When Susie Lopez, 43, was a little girl she would run outside her home in Angeles City, near the U.S. Clark Airbase in the Philippines, every time she heard a plane fly by.
"I would say 'bye bye, Dad' because the only thing I knew about my father was my dad was riding a plane," she recalls.
The daughter of an American naval pilot and a Filipino mother, Lopez is one of an estimated 52,000 "Amerasians" fathered by American military servicemen during the decades the U.S. Navy and Air Force had bases in the Philippines.
The majority of their mothers worked as bar girls in the area's thriving "rest and recreation" industry, where soldiers were their regular clients. When the American military left the bases in the early 1990s, these children were left behind.
On March 4, in honor of International Amerasian Day, a group of 60 Filipino Amerasians from the cities surrounding former bases will celebrate in a special way. Their "100 Letters to our Fathers" campaign will see the group - whose members range from teenage to those in their 50s - reach out with messages of love and hope to fathers almost all of them never knew. Many of the handwritten letters will be read aloud and will be accompanied by their photos and a short video showing conditions Amerasians have faced.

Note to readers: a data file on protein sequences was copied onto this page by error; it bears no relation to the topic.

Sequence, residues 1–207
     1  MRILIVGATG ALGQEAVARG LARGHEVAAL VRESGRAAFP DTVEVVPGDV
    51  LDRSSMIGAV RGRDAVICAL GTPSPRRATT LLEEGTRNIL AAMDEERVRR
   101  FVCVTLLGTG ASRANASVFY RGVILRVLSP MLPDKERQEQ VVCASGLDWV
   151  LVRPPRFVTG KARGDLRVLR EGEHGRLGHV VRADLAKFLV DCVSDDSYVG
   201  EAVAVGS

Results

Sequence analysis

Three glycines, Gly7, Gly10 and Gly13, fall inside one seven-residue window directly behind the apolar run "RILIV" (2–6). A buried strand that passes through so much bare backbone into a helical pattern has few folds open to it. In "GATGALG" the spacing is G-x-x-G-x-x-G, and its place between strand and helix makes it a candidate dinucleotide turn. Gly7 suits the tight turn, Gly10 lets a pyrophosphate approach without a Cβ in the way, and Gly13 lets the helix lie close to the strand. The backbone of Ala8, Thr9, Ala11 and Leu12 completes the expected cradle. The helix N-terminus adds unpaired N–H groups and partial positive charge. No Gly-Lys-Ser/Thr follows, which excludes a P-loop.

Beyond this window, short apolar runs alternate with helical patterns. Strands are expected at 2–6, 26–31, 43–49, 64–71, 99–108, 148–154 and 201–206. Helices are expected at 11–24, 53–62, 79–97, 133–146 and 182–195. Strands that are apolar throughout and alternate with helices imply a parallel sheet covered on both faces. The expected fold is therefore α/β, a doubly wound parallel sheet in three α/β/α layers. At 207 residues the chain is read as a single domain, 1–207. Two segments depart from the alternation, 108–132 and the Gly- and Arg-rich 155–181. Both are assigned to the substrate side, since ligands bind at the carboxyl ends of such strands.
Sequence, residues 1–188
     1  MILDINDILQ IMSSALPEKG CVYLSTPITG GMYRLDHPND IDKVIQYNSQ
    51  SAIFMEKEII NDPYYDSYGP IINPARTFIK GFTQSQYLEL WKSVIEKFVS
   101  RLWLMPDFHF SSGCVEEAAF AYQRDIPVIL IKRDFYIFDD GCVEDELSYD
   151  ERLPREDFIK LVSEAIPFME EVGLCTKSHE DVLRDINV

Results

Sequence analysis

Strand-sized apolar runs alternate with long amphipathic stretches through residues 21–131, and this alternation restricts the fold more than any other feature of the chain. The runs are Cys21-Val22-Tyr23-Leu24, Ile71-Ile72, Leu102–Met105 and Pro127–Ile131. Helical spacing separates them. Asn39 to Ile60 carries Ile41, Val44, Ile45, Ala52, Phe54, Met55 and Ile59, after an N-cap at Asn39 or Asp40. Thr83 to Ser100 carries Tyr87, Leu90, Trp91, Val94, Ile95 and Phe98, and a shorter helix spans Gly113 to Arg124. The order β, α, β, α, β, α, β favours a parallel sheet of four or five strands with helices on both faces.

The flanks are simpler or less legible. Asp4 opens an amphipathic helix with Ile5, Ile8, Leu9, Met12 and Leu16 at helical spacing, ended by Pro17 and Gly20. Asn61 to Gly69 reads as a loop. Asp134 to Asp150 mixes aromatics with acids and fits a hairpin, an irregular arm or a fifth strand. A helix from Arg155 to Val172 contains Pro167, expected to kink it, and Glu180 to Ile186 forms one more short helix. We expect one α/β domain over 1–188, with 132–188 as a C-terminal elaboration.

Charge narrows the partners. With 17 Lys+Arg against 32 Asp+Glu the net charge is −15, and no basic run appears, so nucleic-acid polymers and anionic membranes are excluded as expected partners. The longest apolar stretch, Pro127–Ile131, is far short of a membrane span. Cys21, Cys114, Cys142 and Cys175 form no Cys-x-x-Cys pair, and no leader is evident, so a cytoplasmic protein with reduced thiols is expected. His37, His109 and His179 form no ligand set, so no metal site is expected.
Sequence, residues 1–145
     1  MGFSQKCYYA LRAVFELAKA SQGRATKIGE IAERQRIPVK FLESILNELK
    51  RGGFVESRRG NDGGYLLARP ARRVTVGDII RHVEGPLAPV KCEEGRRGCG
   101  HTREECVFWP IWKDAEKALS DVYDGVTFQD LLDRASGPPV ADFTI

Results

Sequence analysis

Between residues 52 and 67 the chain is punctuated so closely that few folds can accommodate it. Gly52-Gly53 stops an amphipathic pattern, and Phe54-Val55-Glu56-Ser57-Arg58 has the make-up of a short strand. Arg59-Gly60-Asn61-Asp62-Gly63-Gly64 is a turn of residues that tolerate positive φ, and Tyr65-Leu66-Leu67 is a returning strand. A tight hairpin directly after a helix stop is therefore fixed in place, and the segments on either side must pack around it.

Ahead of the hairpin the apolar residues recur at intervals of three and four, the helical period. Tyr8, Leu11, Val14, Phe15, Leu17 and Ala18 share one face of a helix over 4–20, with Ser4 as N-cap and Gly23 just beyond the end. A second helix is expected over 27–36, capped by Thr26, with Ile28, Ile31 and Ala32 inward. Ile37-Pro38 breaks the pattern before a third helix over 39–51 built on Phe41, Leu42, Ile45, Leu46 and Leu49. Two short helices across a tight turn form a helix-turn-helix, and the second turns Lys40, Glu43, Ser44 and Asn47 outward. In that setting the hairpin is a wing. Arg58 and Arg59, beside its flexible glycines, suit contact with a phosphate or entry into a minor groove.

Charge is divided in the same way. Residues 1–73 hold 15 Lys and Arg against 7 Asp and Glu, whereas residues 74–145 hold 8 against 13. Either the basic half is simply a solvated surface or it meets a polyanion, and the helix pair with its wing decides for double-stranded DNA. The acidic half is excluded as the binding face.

All will be available on a new website, with the goal of bringing the issues of Filipino Amerasians in the Philippines from the sidelines to the surface.